Queer Places:
Brooklyn College, 2900 Bedford Ave, Brooklyn, NY 11210
Harvard University, Cambridge, MA 02138
University Of Cambridge, Cambridge CB2, UK

https://upload.wikimedia.org/wikipedia/commons/3/35/Robert_Friend.jpgRobert Friend (November 25, 1913 – January 12, 1998) was an American-born poet and translator. After moving to Israel, he became a professor of English literature at the Hebrew University of Jerusalem.

Friend was born in 1913 in Brooklyn, New York, to a family of Russian Jewish immigrants. He was the eldest of five children.[1] After studying at Brooklyn College, Harvard and Cambridge, he taught English literature and writing in the U.S., Puerto Rico, Panama, France, England, and Germany. He settled in Israel in 1950, where he lived the rest of his life. He taught English and American Literature at the Hebrew University of Jerusalem for over thirty years. He was well known in Israel as an English-language poet and a translator of Hebrew poetry.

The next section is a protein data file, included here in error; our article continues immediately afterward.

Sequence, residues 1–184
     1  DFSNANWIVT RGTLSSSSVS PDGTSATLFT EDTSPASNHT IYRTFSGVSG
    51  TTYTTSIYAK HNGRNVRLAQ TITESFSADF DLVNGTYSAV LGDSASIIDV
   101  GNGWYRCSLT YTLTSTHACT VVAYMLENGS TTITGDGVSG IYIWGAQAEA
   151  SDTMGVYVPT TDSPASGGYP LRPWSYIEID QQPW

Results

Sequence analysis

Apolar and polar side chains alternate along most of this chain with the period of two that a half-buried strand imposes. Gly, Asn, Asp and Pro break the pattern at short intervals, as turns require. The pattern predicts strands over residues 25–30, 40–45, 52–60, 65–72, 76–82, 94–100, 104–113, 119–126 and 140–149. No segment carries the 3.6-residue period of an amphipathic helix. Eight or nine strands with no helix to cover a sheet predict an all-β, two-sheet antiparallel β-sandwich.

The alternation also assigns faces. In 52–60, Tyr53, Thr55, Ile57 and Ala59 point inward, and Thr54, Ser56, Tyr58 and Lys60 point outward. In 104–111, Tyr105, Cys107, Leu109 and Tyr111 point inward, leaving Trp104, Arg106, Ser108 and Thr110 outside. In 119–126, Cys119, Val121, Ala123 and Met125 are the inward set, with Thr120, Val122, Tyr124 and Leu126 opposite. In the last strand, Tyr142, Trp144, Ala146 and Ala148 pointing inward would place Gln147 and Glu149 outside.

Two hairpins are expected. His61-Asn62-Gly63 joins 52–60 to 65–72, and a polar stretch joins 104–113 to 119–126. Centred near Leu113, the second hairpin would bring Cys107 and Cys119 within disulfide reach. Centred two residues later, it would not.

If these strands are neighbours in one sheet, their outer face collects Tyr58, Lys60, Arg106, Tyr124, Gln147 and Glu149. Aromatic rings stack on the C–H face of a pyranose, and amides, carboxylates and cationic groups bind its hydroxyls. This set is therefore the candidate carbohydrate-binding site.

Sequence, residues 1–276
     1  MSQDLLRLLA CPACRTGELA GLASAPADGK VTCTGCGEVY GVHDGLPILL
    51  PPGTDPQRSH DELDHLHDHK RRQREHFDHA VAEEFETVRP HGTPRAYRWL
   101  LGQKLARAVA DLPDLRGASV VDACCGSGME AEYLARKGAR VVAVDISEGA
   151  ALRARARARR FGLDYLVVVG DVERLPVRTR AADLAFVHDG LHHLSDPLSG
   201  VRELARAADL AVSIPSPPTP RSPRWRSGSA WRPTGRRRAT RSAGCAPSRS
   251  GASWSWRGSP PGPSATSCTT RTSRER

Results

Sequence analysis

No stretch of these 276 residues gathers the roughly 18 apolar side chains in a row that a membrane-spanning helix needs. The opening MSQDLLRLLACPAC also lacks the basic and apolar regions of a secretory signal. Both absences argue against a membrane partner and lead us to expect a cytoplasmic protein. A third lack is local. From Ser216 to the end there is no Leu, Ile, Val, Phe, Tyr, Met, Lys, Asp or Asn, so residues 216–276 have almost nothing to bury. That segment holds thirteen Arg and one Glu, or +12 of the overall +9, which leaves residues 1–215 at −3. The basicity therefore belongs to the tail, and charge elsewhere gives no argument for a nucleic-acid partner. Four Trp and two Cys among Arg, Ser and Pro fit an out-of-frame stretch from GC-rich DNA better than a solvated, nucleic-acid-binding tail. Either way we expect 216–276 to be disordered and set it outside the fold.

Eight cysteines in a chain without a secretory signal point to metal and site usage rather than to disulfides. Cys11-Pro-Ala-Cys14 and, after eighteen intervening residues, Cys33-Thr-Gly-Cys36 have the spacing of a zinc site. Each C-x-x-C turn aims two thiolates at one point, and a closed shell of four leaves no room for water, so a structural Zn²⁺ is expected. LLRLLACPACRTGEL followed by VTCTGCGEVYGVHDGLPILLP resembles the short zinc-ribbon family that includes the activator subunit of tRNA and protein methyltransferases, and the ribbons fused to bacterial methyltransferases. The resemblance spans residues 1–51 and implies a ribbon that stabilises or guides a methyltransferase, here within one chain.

Robert Friend was gay, and his sexuality found expression in his poetry well before the Stonewall era. According to Edward Field in the Greenwood Encyclopedia of American Poetry, Shadow on the Sun is "remarkable in that, for its time, it contains so many poems about the author's homosexuality." Friend's openness continued throughout his writing career.

Friend's first published volume of verse was Shadow on the Sun (1941). His last collection of poetry, Dancing with a Tiger: Poems 1941-1998, was published posthumously in 2003. He translated around 800 works from Hebrew, Yiddish, Spanish, French, German, and Arabic. Toby Press published two volumes of his translations in its Hebrew Classics Series: Found in Translation: Modern Hebrew Poets, A Bilingual Edition (2006, Second Revised Edition) and Ra'hel: Flowers of Perhaps (2008, Second Revised Edition). Among the Hebrew poets Friend translated into English are Chaim Nachman Bialik, Rachel, Natan Alterman, Leah Goldberg, Gabriel Preil and Yehuda Amichai.[2]

Friend won the Jeannette Sewell Davis Prize (Poetry, Chicago).[3]


  1. https://en.wikipedia.org/queerplaces/images/Robert_Friend